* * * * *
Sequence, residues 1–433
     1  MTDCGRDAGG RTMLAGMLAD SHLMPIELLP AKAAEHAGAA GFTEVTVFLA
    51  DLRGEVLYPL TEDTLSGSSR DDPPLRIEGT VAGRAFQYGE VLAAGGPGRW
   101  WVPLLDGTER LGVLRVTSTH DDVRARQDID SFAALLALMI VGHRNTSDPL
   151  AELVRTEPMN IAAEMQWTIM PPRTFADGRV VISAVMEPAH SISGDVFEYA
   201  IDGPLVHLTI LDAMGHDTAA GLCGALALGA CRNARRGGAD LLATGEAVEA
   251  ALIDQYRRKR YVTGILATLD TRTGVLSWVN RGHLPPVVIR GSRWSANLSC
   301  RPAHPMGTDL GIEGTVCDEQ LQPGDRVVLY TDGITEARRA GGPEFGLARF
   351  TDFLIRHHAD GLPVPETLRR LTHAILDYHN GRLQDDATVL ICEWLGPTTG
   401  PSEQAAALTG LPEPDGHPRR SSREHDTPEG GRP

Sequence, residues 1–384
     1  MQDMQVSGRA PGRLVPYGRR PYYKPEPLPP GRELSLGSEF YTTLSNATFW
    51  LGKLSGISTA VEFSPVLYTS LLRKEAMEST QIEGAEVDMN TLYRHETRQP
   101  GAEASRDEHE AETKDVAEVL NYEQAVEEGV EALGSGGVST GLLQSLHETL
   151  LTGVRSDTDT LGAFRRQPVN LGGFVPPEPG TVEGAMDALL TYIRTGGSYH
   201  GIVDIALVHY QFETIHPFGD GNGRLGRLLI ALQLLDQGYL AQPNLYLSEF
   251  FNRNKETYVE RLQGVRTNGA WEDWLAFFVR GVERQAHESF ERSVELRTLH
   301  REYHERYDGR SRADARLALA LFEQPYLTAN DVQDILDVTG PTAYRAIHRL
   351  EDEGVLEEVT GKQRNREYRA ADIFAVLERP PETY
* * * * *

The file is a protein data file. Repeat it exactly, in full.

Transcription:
Sequence, residues 1–433
     1  MTDCGRDAGG RTMLAGMLAD SHLMPIELLP AKAAEHAGAA GFTEVTVFLA
    51  DLRGEVLYPL TEDTLSGSSR DDPPLRIEGT VAGRAFQYGE VLAAGGPGRW
   101  WVPLLDGTER LGVLRVTSTH DDVRARQDID SFAALLALMI VGHRNTSDPL
   151  AELVRTEPMN IAAEMQWTIM PPRTFADGRV VISAVMEPAH SISGDVFEYA
   201  IDGPLVHLTI LDAMGHDTAA GLCGALALGA CRNARRGGAD LLATGEAVEA
   251  ALIDQYRRKR YVTGILATLD TRTGVLSWVN RGHLPPVVIR GSRWSANLSC
   301  RPAHPMGTDL GIEGTVCDEQ LQPGDRVVLY TDGITEARRA GGPEFGLARF
   351  TDFLIRHHAD GLPVPETLRR LTHAILDYHN GRLQDDATVL ICEWLGPTTG
   401  PSEQAAALTG LPEPDGHPRR SSREHDTPEG GRP

Sequence, residues 1–384
     1  MQDMQVSGRA PGRLVPYGRR PYYKPEPLPP GRELSLGSEF YTTLSNATFW
    51  LGKLSGISTA VEFSPVLYTS LLRKEAMEST QIEGAEVDMN TLYRHETRQP
   101  GAEASRDEHE AETKDVAEVL NYEQAVEEGV EALGSGGVST GLLQSLHETL
   151  LTGVRSDTDT LGAFRRQPVN LGGFVPPEPG TVEGAMDALL TYIRTGGSYH
   201  GIVDIALVHY QFETIHPFGD GNGRLGRLLI ALQLLDQGYL AQPNLYLSEF
   251  FNRNKETYVE RLQGVRTNGA WEDWLAFFVR GVERQAHESF ERSVELRTLH
   301  REYHERYDGR SRADARLALA LFEQPYLTAN DVQDILDVTG PTAYRAIHRL
   351  EDEGVLEEVT GKQRNREYRA ADIFAVLERP PETY